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January 14, 1974

Practical Pediatric Electrocardiography

Author Affiliations

University Hospitals of Cleveland Cleveland

JAMA. 1974;227(2):208. doi:10.1001/jama.1974.03230150056036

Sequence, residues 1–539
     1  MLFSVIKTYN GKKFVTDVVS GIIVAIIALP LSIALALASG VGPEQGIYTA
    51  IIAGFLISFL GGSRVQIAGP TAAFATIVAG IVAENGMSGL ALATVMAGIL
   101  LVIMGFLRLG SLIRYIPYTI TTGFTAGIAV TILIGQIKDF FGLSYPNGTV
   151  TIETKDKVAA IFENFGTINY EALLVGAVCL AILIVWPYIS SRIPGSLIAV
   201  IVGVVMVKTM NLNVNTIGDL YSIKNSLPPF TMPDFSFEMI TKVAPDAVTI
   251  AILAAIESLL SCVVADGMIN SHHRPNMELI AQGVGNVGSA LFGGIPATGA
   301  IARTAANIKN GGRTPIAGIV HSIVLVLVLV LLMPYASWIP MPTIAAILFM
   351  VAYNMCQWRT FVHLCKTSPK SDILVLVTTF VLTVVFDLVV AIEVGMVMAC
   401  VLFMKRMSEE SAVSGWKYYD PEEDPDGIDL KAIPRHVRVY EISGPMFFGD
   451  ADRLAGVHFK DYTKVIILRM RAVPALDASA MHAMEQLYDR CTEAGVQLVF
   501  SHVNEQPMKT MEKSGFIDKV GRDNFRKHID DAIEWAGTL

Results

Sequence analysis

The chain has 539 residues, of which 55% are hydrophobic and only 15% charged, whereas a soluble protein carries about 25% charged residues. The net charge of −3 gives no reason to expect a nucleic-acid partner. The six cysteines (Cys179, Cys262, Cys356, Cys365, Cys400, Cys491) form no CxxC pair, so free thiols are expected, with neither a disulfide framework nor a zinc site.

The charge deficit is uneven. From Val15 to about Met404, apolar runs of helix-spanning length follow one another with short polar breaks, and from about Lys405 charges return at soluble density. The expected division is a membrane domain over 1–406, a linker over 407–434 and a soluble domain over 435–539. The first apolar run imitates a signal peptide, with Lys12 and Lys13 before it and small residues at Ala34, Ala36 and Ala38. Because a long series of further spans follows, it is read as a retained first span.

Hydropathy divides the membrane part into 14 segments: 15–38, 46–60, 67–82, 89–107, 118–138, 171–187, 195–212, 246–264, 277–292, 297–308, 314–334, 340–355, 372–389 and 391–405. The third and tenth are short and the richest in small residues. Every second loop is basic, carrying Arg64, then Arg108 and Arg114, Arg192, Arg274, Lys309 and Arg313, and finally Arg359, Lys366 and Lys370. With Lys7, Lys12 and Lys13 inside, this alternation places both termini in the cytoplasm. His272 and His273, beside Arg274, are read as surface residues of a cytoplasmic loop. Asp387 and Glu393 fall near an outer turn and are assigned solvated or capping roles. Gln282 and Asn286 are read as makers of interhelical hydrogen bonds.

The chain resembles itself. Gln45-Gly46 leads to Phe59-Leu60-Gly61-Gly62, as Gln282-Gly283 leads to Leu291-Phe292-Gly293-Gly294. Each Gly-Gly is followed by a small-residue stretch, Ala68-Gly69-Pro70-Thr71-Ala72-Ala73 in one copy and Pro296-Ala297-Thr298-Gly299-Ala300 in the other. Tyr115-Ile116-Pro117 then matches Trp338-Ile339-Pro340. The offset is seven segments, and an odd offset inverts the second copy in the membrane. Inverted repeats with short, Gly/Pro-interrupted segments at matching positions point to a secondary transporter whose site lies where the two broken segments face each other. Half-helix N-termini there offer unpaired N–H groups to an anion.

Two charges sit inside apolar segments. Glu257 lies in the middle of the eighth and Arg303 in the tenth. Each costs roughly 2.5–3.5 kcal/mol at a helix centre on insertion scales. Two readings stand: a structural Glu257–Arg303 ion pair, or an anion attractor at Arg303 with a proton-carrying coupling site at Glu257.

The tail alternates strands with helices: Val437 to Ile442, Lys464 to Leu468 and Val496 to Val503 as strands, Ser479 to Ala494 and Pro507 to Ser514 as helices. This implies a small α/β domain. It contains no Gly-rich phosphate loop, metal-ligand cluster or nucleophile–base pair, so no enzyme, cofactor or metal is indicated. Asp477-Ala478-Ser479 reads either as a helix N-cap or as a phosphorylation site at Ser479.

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I must ask the reader in interpreting this review to accept my own personal long-standing bias against electrocardiographic primers. Such brief texts on standard electrocardiography have always been with us and, I'm sure—despite this review—will always be with us. Such books, as this one, are designed for the nonelectrocardiographer to "make diagnoses for him." It also presupposes that an understanding of the nature of the electrocardiogram is not necessary in order to make simple diagnoses. My own tenet, of course, is that no primer can make an electrocardiographic diagnosis for someone who does not understand something about the underlying biology (except in the case of recognition of certain simple arrhythmias). Another unfortunate aspect in most primers, which goes along with "teaching" of patterns, is the inclusion of the same old-fashioned inaccuracies. A few examples include the use of the term "intrinsicoid deflection" (ventricular activation) where the authors relate the transmembrane